UPMC: New Leaders, Same Big Health Tech Ambitions - InformationWeek

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1/6/2015
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UPMC: New Leaders, Same Big Health Tech Ambitions

Long a pioneer in adopting electronic medical records, the University of Pittsburgh Medical Center is on the verge of making them work together in new ways.

success." The hallways are named after Pittsburgh streets, and some of the walls are covered with steel plates in honor of the city's industrial history.

As a complex organization -- a not-for-profit healthcare provider with for-profit subsidiaries and for-profit spinoffs emerging from the TDC -- UPMC attracts its share of criticism for its dominance. One recent controversy concerns UPMC's falling out with Highmark Blue Cross, which recently bought a competing hospital system, as UPMC forced people to choose between switching health plans or hospitals. UPMC maintains it's simply responding to competitive changes, as the lines between healthcare payers and providers continue to blur.

The Affordable Care Act also tends to encourage the creation of integrated payer-provider networks, changing the dynamics of competition. Some of UPMC's technology projects are aimed squarely at getting a better understanding of healthcare costs and managing them better, through better coordination of the payer and provider functions and integration of data from both sides.

A recent reorganization has broken down other walls within the organization, putting hospitals and UPMC-owned physician practices under common management in the new Health Services Division, where previously hospitals were managed separately.

With this push for organizational integration comes technological complexity. UPMC was an early adopter of electronic medical record systems, but it never standardized on a single EMR vendor. Cerner is its main inpatient hospital EMR, but UPMC uses Epic for outpatient operations, and several other systems are in the mix. Partly because of its need to integrate data from multiple EMRs, UPMC became an early investor in dbMotion,  the health information exchange middleware company that is now part of Allscripts. (Although the terms EMR and EHR are often used interchangeably, by definition an EHR is supposed to be a comprehensive record -- so if that exists at UPMC, it would have to be through the unification of multiple EMRs.)

Yet Shrestha says UPMC's best-of-breed approach to EMR technology is a blessing in disguise. "That diverse platform is an advantage when it comes to innovation," he says, by giving TDC staffers an opportunity to test technology products against multiple EMRs and related software products.

'No way through other than succeeding'
Later that day in a separate interview, Annerose Berndt, VP of analytics and information for UPMC, rolled her eyes at the notion of diverse data sources being a positive. "Who told you that?" she asked, because it's her job to merge data from multiple sources and derive useful clinical and operational intelligence from it. "dbMotion was supposed to do it, but it doesn't really," she lamented. As someone trying to integrate more exotic data, such as genomic information, for better clinical decision support, the minutiae of reconciling data from multiple EMRs are a pure annoyance. Regardless, she's determined, saying that for the big data breakthroughs she wants to achieve, "there is no way through other than succeeding."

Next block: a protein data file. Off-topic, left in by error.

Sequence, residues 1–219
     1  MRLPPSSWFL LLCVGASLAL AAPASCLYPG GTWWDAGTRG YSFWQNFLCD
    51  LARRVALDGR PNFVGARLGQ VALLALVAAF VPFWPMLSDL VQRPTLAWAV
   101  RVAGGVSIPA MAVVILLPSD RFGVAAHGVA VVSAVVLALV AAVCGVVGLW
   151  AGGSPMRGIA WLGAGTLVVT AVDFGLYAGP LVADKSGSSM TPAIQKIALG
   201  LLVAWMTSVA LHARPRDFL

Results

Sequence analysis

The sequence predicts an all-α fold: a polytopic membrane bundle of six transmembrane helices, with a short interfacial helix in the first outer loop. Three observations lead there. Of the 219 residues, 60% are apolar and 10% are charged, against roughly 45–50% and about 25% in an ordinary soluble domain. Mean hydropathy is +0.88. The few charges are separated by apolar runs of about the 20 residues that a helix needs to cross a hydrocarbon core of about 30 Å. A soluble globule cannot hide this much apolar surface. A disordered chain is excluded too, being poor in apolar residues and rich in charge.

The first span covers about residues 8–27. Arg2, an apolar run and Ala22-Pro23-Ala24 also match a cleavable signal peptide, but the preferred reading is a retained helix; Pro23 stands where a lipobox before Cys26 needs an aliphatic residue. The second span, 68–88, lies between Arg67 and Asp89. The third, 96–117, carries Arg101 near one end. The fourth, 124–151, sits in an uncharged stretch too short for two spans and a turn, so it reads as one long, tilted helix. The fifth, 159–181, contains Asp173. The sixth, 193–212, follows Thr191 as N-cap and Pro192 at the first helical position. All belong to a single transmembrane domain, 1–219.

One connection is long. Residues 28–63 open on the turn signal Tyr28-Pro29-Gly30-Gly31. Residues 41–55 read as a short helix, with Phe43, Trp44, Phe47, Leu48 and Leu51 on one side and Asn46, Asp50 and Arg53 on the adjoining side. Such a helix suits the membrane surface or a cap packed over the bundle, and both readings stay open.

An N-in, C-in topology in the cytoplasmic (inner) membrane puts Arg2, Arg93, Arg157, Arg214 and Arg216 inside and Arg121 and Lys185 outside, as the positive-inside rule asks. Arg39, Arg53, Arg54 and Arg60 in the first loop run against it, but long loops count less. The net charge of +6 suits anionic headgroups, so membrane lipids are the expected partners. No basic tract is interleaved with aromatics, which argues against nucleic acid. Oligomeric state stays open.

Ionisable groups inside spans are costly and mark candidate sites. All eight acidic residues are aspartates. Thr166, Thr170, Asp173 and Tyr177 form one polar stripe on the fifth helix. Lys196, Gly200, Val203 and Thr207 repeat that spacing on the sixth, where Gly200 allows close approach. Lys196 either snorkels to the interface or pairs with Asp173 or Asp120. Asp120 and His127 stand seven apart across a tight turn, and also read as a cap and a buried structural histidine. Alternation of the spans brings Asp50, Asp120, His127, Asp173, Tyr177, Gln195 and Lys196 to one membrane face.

UPMC has taken a different approach to data integration with another TDC project, slated to launch as a spinoff company called Fluence at the upcoming HIMSS healthcare IT conference in April. The new firm will be built around the Windows tablet app that UPMC demonstrated at HIMSSlast year under the name Convergence, because it brings together data from multiple sources. Fluence is an example of what Shrestha meant when he spoke of making a virtue of UPMC's data source diversity; the system creates an "agnostic" view of health data drawn from four different EMRs and presents it in a unified user interface. For the data-integration piece, UPMC worked with Caradigm, a joint venture of GE and Microsoft, and got additional help from Intel.

The idea behind Fluence is to unify data around the tasks clinicians need to perform during a patient visit, while also suggesting pathways for appropriate care of that individual. "We are trying to make it easier for clinicians to do more of the right things," Shrestha says.

Fluence functions something like a data analytics portal -- although Windows-based rather than Web-based -- with hooks into the underlying systems for single sign-on. Clinicians use the app mainly to explore

David F. Carr oversees InformationWeek's coverage of government and healthcare IT. He previously led coverage of social business and education technologies and continues to contribute in those areas. He is the editor of Social Collaboration for Dummies (Wiley, Oct. 2013) and ... View Full Bio

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asksqn
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asksqn,
User Rank: Ninja
3/28/2015 | 10:52:09 AM
Nunya
I don't know that data mining cos. have any legitimate business to access EHR in the first place.  Quite frankly, if I received a notice to schedule an appointment with a doctor's office from a business such as High Fidelity, I would not hesistate to submit a HIPPA complaint.  
ChrisMurphy
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ChrisMurphy,
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1/6/2015 | 3:03:58 PM
Ambition
Good to see UPMC sticking to its guns with new tech leadership. Given the scale of its ambition and commitment, it would've been disappointing if they couldn't make a go of it 
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